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Tuesday, June 19, 2012

Legitimation Crisis?

Two situations in two different parts of the world are seriously threatening the integrity of international criminal justice right now.  Both are worrisome, though there is hope that both situations might be satisfactorily resolved.  We shall see.

First, as many of you know, four ICC defense counsel were taken into custody in Libya after meeting with Saif Gaddafi.  According to Libyan officials, the four lawyers were accused of carrying coded messages as well as spying and recording devices.  It isn’t clear to me whether any of this material is – or ought to be – prohibited when a lawyer visits a client. 

Libya’s relationship with the ICC has been one of continued and unprecedented surprises.  Libya is holding Saif and wants to prosecute him for crimes against humanity, though the ICC has issued an arrest warrant for him.  Libya is challenging the arrest warrant and is invoking their primary right to prosecute him, instead of the ICC, under the doctrine of complementarity.  As readers know, I engaged in a debate with Kevin Heller at Opinio Juris and Dapo Akande at EJIL Talk over whether Libya was required to send Saif to The Hague until the ICC made a final decision about Libya’s challenge to the court’s jurisdiction.  Dapo and I both argued on our respective blogs that Libya did not, and the ICC Pre-Trial Chamber agreed with Dapo and me.  So Saif stays in Libya for now.

The situation is doubly strange because outgoing ICC Prosecute Luis Moreno-Ocampo publicly expressed his support for a Libyan prosecution, instead of an ICC trial – something that clearly rankled some of the ICC judges.

The situation is triply strange because, unlike most disputes between a country and the ICC, the defendant in this case actually wants to be sent to the Hague.  Quite desperately, in fact.  Saif has no interest in being put on trial in Libya, where he might face the death penalty or unpleasant prison conditions.  In The Hague, he’ll be entitled to comfortable detention in the ICC facility there, which as a comparative matter is quite nice, and the excitement of an ICC trial would probably be intellectually more stimulating than whatever awaits him in Tripoli.  In fact, Saif fancies himself an intellectual, having been awarded a doctorate from LSE until his dissertation was found to have been written by someone else.  Oops.  My guess is he will enjoying sparring with the ICC judges if he ever gets there.

So this was the background when the ICC defense counsel showed up in Libya.  The standard view over at Opinio Juris and EJIL Talk is that the ICC lawyers are entitled to immunity under international law.  Although Libya is not a signatory to the international Privileges and Immunities Agreement that governs the treatment of court personnel, the Security Council long ago passed a resolution requiring Libya to cooperate with the court’s investigation.  Presumably, that includes not arresting court personnel when they try to visit their clients.   This conclusion is consistent with my overall view of the Security Council’s Chapter VII authority.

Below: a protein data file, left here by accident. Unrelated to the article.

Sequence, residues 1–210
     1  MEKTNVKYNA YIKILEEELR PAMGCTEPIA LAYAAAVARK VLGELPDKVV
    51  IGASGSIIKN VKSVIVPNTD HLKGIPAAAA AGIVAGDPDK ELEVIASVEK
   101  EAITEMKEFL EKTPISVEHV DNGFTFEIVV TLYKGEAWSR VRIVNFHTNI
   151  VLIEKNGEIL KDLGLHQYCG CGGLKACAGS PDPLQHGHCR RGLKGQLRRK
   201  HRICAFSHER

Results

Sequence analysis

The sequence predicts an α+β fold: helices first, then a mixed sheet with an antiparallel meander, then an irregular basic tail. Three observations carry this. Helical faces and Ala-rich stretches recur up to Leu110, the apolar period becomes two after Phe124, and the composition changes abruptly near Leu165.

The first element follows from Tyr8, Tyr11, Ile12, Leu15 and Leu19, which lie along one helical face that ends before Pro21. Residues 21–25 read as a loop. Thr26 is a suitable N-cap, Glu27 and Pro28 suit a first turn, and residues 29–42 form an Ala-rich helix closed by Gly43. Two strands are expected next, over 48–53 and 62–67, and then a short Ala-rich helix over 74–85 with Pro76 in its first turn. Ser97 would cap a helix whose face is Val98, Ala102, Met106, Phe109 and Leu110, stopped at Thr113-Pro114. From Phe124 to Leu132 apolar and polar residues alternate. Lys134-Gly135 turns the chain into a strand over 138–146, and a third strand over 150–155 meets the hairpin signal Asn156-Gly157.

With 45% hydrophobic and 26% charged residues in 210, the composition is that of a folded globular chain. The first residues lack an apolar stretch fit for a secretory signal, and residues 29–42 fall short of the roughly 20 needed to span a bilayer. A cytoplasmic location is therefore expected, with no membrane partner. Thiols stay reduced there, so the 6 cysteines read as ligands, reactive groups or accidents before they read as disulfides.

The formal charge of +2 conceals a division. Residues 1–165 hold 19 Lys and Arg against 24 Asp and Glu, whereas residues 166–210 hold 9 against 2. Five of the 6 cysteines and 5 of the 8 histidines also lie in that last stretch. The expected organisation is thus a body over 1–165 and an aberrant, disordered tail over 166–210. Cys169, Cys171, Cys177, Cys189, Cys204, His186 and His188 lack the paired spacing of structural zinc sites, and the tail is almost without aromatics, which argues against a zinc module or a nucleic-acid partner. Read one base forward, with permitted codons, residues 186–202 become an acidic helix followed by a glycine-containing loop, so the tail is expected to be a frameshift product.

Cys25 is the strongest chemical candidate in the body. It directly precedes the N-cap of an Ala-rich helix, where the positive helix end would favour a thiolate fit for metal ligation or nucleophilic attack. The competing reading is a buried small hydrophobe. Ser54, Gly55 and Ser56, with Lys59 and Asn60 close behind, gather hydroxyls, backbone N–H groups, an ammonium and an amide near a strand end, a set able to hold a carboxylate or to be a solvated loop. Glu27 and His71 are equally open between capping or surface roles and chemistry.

The one wrinkle here is that Saif, and his lawyers, are actually being held by the Zintan Brigade, which captured Saif and has never let him go.  It is unclear to me how much authority the Libyan central government actually has in this situation.  In the end, I suspect the Brigade will extract maximum leverage before turning any of them over to anyone.

Obviously, the court’s functioning requires that its staff be allowed to conduct its business.  Some time ago, the U.S. Congress passed a law authorizing the President to use military force to rescue any American personnel put before the ICC – a law that was famously dubbed the “Hague Invasion Act.”  The question is how far the UN and the rest of the world community is going to go to do the reverse – rescue ICC personnel.

The second institutional problem facing international criminal justice is the announcement yesterday that the Mladic trial at the ICTY is being put on hold again – this time indefinitely.  Some time ago the Office of the Prosecutor gave an opening statement in the case, but its presentment of the evidence was delayed when the court ruled that it had failed to disclose key documents to the defense.  The case was supposed to restart this week, but unfortunately, the same thing happened again.

The ICTY cannot afford another delay in this trial.  Mladic is 70 and he claims that his health is precarious, and this might not be posturing on his part.  The usual time frame from the commencement of a trial to a written judgment is usually several years.  So Mladic could conceivably die before it finishes. 

If Mladic were acquitted, that would be a major defeat for the Office of the Prosecutor.  But if Mladic dies before a trial is even completed, that will be a defeat for the entire tribunal – and will bring back uncomfortable memories of the Milosevic fiasco.  That being said, part of the blame belongs to the ICTY Trial Chamber, which refused the prosecutor’s request to segment the trial into phases and conduct a first mini-trial on Srebrenica before dealing with the rest of the counts.  The court ruled that this would prejudice the rights of the defendant. 

Let’s hope that the Mladic trial can be restarted soon and that Saif gets a trial –wherever – with some defense counsel at his side.

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